While stories of illiberal professors and higher education hijinks are becoming more visible in the national media, conservative students want to do more than expose them.
Dominic Rupprecht, a sophomore at Bucknell University, can reel off a litany of free speech violations and political double-standards at the Pennsylvania school. But, the self-described “libertarianish” Republican is making some headway in the hostile environment.
“I could go on and on with leftist-dominated administrative offices,” he said. At Bucknell, the most egregious example of this leftist domination is the “vehemently pro-abortion” Women’s Resource Center, according to Rupprecht. The center often politicks for the pro-abortion cause. It has sent students to a pro-abortion rally on the school’s tab, a move that Rupprecht described as “most abhorrent.” Recently, however, Bucknell has hosted conservative Pat Toomey to speak on abortion.
Toomey’s appearance on campus came shortly after he was prohibited from speaking at the university. The administration claimed that it prohibited candidates for political office from speaking on campus. At the time, Toomey was seeking to unseat incumbent senator Arlen Specter in the Republican primary. Bucknell’s justification quickly unraveled. The school had hosted a presidential candidate, Ralph Nader, who delivered the commencement address in 2000.
Amanda Carpenter, a student at Ball State University, took on her campus single-handedly. After attending a program at the Leadership Institute, she arrived at Ball State, and “I was able to relate problems to a local level in a way students could understand,” she said.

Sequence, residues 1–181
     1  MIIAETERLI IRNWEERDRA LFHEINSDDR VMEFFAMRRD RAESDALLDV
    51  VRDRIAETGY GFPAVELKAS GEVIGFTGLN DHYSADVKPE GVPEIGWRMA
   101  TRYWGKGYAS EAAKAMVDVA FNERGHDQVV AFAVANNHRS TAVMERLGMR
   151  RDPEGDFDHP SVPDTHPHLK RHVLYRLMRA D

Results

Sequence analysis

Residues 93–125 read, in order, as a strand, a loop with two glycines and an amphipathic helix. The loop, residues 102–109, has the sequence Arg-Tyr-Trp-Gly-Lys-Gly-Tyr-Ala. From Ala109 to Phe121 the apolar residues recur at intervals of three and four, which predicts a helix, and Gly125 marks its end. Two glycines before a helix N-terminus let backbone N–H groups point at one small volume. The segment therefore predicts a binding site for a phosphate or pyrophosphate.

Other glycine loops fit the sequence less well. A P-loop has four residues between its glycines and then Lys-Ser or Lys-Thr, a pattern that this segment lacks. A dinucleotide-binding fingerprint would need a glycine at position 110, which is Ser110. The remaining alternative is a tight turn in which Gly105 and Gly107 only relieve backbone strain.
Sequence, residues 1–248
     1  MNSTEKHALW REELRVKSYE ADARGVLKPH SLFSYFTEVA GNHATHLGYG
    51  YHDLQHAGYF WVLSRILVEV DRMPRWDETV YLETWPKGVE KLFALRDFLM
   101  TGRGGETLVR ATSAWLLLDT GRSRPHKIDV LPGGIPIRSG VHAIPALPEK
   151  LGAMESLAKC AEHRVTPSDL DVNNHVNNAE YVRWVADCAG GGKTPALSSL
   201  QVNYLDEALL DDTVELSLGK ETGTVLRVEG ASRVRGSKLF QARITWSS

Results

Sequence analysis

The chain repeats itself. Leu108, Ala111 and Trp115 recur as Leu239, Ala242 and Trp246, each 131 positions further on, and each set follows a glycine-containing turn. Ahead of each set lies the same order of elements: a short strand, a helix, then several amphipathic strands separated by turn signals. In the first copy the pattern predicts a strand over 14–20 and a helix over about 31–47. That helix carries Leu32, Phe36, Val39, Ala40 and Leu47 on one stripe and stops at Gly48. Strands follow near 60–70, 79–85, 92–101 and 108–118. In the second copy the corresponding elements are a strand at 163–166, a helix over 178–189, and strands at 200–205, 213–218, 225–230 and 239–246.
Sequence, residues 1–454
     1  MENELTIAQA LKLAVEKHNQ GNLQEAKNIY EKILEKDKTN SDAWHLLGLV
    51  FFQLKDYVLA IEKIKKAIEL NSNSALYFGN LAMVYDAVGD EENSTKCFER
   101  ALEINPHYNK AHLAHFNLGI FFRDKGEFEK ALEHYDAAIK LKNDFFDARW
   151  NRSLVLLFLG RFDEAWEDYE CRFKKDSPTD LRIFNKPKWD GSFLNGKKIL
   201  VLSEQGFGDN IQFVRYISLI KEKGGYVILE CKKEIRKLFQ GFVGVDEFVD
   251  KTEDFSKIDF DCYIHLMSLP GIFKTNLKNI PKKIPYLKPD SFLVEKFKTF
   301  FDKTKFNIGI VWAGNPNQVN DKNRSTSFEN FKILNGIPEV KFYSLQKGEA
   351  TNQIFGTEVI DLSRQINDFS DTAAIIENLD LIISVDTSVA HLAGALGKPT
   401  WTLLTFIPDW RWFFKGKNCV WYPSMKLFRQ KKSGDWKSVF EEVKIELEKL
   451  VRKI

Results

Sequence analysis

Carpenter started a website, www.bsyou.net, which scrutinized many of the university’s programs. One, Freshman Connections, cost $85,000 and featured the liberal fast food foe Eric Schlosser. In another incident Carpenter made a wanted poster of an environmentalist professor who had been arrested for trespassing. He and Carpenter met to discuss the matter, but the conversation deteriorated. Carpenter captured the raving professor on tape and put the audio on her website.
Jason Mattera, a student at Roger Williams University, has aggressively confronted campus liberalism. “Once you enter college you have placed yourself in an environment where a war is going on,” he said.
The Brooklyn firebrand, who was named best state College Republican National Committee chairman in 2003, has taken his fight against political correctness to controversial extremes. In 2004, the Roger Williams College Republicans came under fire for offering a scholarship available only to whites. The scholarship intended to parody other scholarships that target minorities. Mattera, who was College Republican president at the time, received a letter of condemnation from RNC chairman Ed Gillespie.
He protested the university’s lack of diversity in bringing speakers to campus when Judy Shepard, mother of Matthew Shepard, “gave an anti-Christian speech” to students. Shepard is a Wyoming man whose 1998 murder has become a cause célèbre among gay rights advocates. “The university was being intolerant to our conservative Christian beliefs,” he said. His efforts succeeded in bringing a conservative to campus.
Mattera is unapologetic about the tactics he uses. He has an “activist mentality” and wants to “be an edifice that stands up and defends conservatism.” He describes the situation on college campuses as a “political war.”
“You’re not looking to tie,” he said. “You’re looking to win.”
Mattera, Carpenter, and Rupprecht addressed the Conservative Political Action Conference on Saturday, February 19. CPAC is an annual conference for conservative organizations and grassroots conservative activists.
Larry Scholer is a staff writer at Accuracy in Academia.